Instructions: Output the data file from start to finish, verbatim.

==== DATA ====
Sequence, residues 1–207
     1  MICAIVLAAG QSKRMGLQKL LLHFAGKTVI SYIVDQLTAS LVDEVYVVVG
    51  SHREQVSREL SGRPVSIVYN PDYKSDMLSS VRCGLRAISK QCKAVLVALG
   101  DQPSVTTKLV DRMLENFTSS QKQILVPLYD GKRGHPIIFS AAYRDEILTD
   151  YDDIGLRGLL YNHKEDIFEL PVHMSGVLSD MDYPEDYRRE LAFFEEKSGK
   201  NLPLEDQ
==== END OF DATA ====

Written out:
Sequence, residues 1–207
     1  MICAIVLAAG QSKRMGLQKL LLHFAGKTVI SYIVDQLTAS LVDEVYVVVG
    51  SHREQVSREL SGRPVSIVYN PDYKSDMLSS VRCGLRAISK QCKAVLVALG
   101  DQPSVTTKLV DRMLENFTSS QKQILVPLYD GKRGHPIIFS AAYRDEILTD
   151  YDDIGLRGLL YNHKEDIFEL PVHMSGVLSD MDYPEDYRRE LAFFEEKSGK
   201  NLPLEDQ